Now librarians are under a different sort of pressure; to maintain these values and professional duties whilst working in a world that sees data as a commodity.  “Privacy is a core value of librarianship, but librarians enter into agreements with suppliers who do not have the same set of ethical principles and values guiding their actions. Indeed they could well be under pressure to monetise the inherent values in the date that they have gathered about users’ reading habits.” (Pedley, 2015, p. 42). Some libraries are decreasing the amount of data stored on their users. In HE, using third party Access Management Systems also means that vendors do not know the background details of the individual users logging on to resources.

This relates to the #uklibchat discussion on data and statistics on the 5 May 2015, which I caught the tail end of and looked like a very interesting and detailed discussion, which I would encourage readers to look at.

On reflection, this is an ever growing area of concern within libraries. We are the gatekeepers of information-both for users to access, and about the users themselves. We must act responsibly, and I believe maintain our values as professionals. Information is a commodity, but the most important thing is to give people options and advice about how their information is gathered, and what it could be used for. This links back to my earlier point of critical information literacy being a vital tool that should be taught-and not just in libraries but in life in general. One of my biggest concerns at the moment is just how free people I know are with their personal details-in booking taxis for example, they allow a company to know where they live, where they go the most often, how long they stay there, where they go on the way back home, what they are like as people, and allow complete strangers to ‘rate’ them based on ten minutes in the same space. This information gives an amazing amount of incite in people’s lives and could be used erroneously on so many levels.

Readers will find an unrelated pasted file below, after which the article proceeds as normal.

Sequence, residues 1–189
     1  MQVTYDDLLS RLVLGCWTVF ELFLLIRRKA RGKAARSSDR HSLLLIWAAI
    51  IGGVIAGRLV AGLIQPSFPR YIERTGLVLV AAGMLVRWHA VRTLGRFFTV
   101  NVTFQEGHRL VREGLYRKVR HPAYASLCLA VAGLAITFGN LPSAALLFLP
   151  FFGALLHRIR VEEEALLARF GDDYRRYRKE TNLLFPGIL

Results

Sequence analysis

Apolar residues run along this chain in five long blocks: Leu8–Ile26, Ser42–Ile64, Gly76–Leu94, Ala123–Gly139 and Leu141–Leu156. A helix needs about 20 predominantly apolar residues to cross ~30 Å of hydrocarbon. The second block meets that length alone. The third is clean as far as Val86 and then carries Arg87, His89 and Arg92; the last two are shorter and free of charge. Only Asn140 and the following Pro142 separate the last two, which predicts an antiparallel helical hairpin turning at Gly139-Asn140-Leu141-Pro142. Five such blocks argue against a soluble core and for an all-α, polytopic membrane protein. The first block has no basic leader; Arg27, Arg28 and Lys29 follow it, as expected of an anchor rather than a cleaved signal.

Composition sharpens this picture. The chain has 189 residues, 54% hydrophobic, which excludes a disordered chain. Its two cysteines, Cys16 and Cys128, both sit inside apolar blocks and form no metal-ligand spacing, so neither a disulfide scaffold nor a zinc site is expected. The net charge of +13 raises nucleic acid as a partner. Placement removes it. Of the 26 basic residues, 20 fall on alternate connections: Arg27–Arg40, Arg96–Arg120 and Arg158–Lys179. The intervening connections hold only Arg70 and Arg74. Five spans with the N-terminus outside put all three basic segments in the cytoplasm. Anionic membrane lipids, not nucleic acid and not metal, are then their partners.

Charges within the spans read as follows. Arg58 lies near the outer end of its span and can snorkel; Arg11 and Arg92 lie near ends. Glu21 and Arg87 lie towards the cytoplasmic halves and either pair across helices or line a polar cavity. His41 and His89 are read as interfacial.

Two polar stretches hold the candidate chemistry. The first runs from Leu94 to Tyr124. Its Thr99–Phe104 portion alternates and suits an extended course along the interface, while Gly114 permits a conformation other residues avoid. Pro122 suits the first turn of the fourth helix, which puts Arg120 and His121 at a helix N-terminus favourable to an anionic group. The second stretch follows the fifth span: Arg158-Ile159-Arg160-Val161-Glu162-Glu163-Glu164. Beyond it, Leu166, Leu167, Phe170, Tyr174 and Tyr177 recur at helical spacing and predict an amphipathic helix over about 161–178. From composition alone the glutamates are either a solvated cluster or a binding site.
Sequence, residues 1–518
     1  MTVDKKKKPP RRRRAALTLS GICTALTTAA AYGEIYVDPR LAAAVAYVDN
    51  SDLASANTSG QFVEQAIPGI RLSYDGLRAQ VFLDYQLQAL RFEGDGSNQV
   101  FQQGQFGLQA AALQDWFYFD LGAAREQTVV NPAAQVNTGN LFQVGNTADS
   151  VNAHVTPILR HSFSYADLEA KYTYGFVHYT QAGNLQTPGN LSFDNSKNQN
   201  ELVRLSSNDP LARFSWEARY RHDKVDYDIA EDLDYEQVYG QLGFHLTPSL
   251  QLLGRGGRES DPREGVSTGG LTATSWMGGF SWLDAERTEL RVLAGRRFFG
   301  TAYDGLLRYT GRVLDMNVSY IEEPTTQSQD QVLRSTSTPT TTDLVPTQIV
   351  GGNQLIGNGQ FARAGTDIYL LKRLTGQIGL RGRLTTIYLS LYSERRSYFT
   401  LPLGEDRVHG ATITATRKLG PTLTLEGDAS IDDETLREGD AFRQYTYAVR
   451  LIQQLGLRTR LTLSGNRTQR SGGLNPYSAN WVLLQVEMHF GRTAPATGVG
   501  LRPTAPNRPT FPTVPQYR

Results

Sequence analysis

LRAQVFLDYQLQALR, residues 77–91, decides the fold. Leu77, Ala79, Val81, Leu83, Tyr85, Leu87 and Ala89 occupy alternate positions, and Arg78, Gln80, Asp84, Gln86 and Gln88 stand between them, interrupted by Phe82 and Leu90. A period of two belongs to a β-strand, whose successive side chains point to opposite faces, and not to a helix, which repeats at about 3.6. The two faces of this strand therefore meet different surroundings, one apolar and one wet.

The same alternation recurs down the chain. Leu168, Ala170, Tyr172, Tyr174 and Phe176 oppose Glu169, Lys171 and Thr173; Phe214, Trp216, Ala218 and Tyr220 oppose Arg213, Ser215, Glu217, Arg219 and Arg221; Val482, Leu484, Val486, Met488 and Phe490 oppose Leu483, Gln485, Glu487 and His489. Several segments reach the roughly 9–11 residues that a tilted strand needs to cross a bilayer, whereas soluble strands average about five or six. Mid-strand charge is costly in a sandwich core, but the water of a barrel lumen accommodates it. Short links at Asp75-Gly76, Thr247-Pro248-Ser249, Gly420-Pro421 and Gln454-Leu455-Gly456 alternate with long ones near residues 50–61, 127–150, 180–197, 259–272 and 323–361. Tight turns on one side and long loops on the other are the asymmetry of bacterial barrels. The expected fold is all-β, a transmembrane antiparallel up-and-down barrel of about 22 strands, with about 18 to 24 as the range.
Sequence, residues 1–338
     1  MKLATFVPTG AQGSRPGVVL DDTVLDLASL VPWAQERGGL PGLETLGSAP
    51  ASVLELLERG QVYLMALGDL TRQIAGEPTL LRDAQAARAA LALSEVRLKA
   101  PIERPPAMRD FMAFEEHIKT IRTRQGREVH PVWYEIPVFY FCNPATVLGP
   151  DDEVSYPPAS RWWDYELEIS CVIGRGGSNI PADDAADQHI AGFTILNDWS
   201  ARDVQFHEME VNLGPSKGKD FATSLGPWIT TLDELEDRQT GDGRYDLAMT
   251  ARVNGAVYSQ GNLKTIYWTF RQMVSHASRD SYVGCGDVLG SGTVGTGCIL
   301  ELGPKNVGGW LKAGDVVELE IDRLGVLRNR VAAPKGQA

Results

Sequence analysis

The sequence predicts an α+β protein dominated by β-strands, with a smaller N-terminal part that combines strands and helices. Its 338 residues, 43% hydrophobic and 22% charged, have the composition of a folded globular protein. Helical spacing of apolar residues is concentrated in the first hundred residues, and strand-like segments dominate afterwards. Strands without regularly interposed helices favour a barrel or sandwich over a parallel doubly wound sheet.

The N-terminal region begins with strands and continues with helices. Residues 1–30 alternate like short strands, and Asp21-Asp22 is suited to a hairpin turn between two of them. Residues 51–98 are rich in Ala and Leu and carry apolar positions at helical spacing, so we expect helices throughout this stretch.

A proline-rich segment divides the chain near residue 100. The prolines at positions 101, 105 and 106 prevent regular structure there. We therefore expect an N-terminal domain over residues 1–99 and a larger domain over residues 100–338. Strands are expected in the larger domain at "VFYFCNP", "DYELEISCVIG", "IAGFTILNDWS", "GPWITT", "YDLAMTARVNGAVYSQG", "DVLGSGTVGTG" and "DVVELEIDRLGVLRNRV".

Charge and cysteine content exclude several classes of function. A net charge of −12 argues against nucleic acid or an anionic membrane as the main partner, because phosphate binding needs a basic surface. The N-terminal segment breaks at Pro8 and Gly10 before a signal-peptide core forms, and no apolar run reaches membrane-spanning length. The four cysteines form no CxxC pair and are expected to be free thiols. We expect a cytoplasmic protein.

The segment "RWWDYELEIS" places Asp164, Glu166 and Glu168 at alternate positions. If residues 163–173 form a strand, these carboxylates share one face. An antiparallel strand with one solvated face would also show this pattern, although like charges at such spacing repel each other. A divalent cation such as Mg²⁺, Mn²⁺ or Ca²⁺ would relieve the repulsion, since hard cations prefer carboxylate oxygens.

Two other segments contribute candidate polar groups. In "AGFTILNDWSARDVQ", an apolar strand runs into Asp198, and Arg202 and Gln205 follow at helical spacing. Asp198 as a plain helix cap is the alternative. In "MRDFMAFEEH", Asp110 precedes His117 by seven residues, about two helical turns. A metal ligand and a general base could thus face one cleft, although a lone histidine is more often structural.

I support campaigns such as the Library Freedom Project, and would argue this debate needs to extend outside of libraries and really show people what the information society means for them. Librarians need better training in this issue, and I would love to see a series of documentaries similar to those about what goes into food about what happens with all that personal information gathered through store cards, money saving apps, and other ‘life-hacks’ that actually give people power over everything you do.

Further reading – either OA or available through CILIP VLE

Bawden, D. & Robinson, L. (2012). Introduction to Information Science. London: Facet Publishing

CILIP (2011) ‘User Privacy in Libraries’. Available at: http://www.cilip.org.uk/cilip/archived-policy-statements/user-privacy-libraries-guidelines-reflective-practitioner (Accessed 7 May 2015).

Peterson, A. (2014) ‘Librarians won’t stay quiet about government surveillance’, Washington Post. Available at: http://www.washingtonpost.com/blogs/the-switch/wp/2014/10/03/librarians-wont-stay-quiet-about-government-surveillance/ (Accessed 7 May 2015).

Podley, P.(2015)”What are librarians doing to protect the privacy of their users?” Update. April. pp. 42-43.

Thornley, C. (2011) ‘Do RFIDs provide new ethical dilemmas for librarians and information professionals?’ International Journal of Information Management. 31, pp. 546-555.